Revit allows for quick editing of design parameters to create multiple design iterations within a short period of time. As design changes, we can update quantity schedules in real-time, allowing for verification of our clients’ wishes. This is invaluable, and saves us and our clients time, stress, and money. BIM is also key in holding onto information during different stages of the design process—from program management to design, to construction documents, and as we work with the contractors. Under ideal circumstances, technology allows us to move that information without losing anything in the handoff.

Right now is an exciting time to be using BIM at LEO A DALY. A year and a half ago, we completely rebuilt our BIM committee in order to better reflect the needs of our production staff. Today’s BIM committee collects representatives from across the firm, and from different skill sets, to bridge the technological gap between the programmer side and the end user. This helps balance our company’s desire to innovate and explore the capabilities of BIM, while ensuring that those efforts are always geared toward the project itself.

Does the firm have a specific approach and/or philosophy to AEC technology? If so, what is it?

Our approach to technology, like our firm philosophy itself, is essentially practical: What will provide the most value to our clients? In that sense, we embrace the cutting-edge, without being bleeding-edge. We don’t seek technology for its own sake, but adopt it readily if there is a demonstrated business benefit.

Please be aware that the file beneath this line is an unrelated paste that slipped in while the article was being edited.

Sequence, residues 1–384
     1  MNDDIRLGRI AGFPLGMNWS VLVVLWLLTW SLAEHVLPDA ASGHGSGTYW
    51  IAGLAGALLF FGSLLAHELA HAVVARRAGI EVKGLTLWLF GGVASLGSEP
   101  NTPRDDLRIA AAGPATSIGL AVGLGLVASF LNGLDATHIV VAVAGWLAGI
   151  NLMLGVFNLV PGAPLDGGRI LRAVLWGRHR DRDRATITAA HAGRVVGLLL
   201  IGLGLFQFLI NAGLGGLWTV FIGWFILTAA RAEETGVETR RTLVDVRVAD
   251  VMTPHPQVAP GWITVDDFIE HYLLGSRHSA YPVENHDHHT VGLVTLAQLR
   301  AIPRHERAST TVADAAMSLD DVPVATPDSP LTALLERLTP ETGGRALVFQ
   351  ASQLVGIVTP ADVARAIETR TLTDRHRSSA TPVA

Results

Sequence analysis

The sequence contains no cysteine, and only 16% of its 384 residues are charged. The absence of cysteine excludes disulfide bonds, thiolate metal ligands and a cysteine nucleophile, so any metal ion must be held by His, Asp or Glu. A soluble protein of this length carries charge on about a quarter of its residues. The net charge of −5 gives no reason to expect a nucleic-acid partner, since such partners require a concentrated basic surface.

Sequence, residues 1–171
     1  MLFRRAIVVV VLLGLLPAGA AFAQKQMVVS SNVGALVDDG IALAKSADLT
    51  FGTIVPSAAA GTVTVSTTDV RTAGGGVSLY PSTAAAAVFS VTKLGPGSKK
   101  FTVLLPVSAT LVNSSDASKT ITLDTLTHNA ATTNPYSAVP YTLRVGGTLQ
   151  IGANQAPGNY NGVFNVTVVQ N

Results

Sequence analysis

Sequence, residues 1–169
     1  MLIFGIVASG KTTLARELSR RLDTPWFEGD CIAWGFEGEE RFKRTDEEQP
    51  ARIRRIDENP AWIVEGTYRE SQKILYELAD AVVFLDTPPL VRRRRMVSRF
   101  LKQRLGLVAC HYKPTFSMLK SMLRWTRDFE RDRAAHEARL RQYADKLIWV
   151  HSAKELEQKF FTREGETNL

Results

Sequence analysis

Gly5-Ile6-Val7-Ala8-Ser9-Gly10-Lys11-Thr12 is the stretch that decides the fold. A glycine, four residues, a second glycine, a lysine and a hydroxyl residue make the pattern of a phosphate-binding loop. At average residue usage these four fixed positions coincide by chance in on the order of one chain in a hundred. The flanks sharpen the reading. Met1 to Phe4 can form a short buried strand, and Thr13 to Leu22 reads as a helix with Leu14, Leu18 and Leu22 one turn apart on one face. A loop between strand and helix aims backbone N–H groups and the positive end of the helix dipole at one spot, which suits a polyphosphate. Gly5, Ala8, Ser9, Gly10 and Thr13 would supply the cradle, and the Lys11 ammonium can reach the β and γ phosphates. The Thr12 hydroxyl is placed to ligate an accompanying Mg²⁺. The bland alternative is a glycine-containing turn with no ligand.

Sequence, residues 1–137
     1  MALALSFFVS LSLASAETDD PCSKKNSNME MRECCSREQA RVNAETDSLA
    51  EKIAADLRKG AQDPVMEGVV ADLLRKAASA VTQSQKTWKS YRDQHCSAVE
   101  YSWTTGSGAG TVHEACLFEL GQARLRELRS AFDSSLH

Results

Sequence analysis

Because of the pervasiveness of technology in everything we do, there are many angles from which we look to leverage technology to drive our business. On the desktop level, we’ve spent the last 12 months completely revamping our hardware standards with greater insight into what applications we’re using, leading to 15-25% increased efficiency. We’ve also been investigating new ways of moving information and creating a real-time interactive environment with our consultants and clients.

For us, Revit is about making the production of architecture more streamlined. LEO A DALY has a legacy of exceptional engineering and project management, and we pride ourselves in our production capabilities. Many boutique firms seek our expertise to solve functional challenges in support of great design, and staying at the cutting edge of AEC technology is what lets us do this.

We are also a power-user of the Deltek Vision platform, which ties us together across multiple offices, and allows us to be nimble and focused, with project, resource, and accounting visibility across the firm.

Using Navisworks let the firm's architects and engineers find clashes between structural (white), ductwork (green), and gravity pipe (blue).

What are some of the main challenges the firm faces in its implementation of AEC technology?

As a global firm with 31 offices, sharing jobs over multiple locations at great distance and with low to no latency is valuable. This is a multi-faceted challenge, especially when you add the complication of collaborating with subconsultants outside of our company. We are currently looking into how to solve the problem of collaboration between two companies using two different software platforms.
Another challenge related to technology is aligning the expectations of our clients with regard to technology and budget. First and foremost in our mind is always our client’s business goals; sometimes those might conflict with their preconceived notions about BIM, and our job is to cut through the hype and explain the options in a practical way.